wiki:Calcutta ’71

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Calcutta ’71

1972 132’ b&w/col Bengali d/sc Mrinal Sen pc DS Pics p D.S. Sultania st Manik Bandyopadhyay’s Atmahatyar Adhikar, Prabodh Sanyal’s Akal, Samaresh Bose’s Esmalghar, Ajitesh Bannerjee’s Calcutta ’71, Mrinal Sen’s Interviewer Pare c K.K. Mahajan m Ananda Shankar lp Ranjit Mullick, Utpal Dutt, Geeta Sen, Madhabi Mukherjee, Sandhya Roy Choudhury, Satya Bannerjee, Snigdha Majumdar, Ajitesh Bannerjee, Debraj Ray, Robi Ghosh, Raju, Suhasini Mulay, Binota Ray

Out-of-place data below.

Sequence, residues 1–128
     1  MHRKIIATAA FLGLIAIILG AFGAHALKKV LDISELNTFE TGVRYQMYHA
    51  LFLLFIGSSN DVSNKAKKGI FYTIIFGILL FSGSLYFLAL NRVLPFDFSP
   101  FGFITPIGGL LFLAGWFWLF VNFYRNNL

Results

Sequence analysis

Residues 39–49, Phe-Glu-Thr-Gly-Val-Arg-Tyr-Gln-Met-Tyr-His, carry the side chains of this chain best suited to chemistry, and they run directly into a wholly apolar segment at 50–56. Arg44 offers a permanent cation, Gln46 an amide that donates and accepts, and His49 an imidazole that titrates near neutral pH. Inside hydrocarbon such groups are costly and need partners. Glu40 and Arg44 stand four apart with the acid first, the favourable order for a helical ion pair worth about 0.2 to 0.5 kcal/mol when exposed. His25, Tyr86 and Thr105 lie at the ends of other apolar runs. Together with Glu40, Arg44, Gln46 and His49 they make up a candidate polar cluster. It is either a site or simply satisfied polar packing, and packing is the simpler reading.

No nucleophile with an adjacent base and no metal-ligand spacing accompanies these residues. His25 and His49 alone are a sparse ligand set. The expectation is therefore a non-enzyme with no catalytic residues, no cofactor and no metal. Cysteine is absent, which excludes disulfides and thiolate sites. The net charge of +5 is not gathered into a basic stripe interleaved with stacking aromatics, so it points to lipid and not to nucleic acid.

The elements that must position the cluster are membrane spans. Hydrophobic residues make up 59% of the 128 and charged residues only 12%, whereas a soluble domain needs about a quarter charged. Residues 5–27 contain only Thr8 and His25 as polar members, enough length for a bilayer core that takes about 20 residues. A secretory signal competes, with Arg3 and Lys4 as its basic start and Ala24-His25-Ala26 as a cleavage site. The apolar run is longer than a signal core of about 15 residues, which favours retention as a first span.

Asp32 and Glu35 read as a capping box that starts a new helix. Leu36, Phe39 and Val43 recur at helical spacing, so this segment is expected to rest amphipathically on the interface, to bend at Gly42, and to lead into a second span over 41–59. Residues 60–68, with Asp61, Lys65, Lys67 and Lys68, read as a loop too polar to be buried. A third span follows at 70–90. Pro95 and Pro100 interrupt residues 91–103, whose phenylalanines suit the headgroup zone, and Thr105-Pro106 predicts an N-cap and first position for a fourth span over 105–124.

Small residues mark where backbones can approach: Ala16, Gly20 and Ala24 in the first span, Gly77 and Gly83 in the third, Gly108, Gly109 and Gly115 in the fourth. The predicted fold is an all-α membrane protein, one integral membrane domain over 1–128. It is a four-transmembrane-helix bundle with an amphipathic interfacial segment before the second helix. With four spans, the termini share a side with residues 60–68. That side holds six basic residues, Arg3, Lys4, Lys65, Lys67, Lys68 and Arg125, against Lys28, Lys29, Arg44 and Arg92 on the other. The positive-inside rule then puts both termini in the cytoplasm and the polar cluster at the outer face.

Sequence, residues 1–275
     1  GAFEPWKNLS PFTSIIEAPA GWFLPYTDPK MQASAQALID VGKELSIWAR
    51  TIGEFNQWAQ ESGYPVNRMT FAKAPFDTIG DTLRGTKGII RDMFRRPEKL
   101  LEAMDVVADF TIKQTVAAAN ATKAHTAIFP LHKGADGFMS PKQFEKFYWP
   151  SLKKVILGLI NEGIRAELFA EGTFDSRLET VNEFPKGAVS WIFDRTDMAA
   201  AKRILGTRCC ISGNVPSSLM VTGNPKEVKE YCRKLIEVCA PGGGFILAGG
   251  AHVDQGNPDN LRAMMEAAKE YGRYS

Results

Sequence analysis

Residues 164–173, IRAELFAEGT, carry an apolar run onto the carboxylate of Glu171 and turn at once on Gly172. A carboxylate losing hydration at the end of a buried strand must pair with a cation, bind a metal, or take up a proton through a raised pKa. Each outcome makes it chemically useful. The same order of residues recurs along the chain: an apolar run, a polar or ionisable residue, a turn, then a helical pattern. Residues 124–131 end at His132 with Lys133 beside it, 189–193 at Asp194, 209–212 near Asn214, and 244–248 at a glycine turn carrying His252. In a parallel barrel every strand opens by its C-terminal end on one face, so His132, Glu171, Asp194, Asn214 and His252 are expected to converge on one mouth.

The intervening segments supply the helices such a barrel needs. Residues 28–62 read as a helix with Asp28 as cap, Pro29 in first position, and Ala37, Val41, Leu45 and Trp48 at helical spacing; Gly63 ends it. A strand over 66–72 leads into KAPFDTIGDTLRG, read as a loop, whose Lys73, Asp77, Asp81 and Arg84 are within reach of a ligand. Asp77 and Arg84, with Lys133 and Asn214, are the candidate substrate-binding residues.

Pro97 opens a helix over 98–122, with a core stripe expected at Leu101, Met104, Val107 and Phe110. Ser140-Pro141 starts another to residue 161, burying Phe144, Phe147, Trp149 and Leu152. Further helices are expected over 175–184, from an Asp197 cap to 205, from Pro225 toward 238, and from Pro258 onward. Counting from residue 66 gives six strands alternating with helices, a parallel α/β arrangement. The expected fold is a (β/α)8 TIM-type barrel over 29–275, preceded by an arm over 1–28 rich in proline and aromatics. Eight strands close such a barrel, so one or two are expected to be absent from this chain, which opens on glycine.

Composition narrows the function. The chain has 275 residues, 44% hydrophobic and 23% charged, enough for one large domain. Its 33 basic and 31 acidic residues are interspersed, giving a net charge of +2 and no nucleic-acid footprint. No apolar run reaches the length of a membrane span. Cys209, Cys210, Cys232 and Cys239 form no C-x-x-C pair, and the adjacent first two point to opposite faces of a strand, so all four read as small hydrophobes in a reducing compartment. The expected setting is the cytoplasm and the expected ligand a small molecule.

Sen set out the aims of his 2nd film in the Calcutta trilogy (Interview, 1970; Padatik, 1973): ‘As long as you present poverty as something dignified, the establishment will not be disturbed. We wanted to define history and put poverty in its right perspective.’ Extending his anti-naturalist approach in order to explore more freely and with greater complexity the way history shapes the texture of people’s lives, the film recounts three famous Bengali stories by three Bengali authors together with two contemporary episodes, each presenting an aspect of poverty and exploitation: an angry young man (Mullick) on trial in 1971, a rainstorm in a slum in 1933, a lower-middle-class family during the 1943 famine, teenage smugglers in 1953 and, back again in 1971, a middle-class group in a posh hotel. The events are linked by an imaginary figure who, by 1971, has gained an insight into the dynamics of history and urges action for change. Often described as ‘propagandistic’, the film is more didactic in the Brechtian sense, encouraging audiences to learn from the representations rather than telling people what to think. The film became a major cultural rallying point for student radicals, its screenings at the Metro Theatre in Chowringhee, Calcutta, being placed constantly under police surveillance.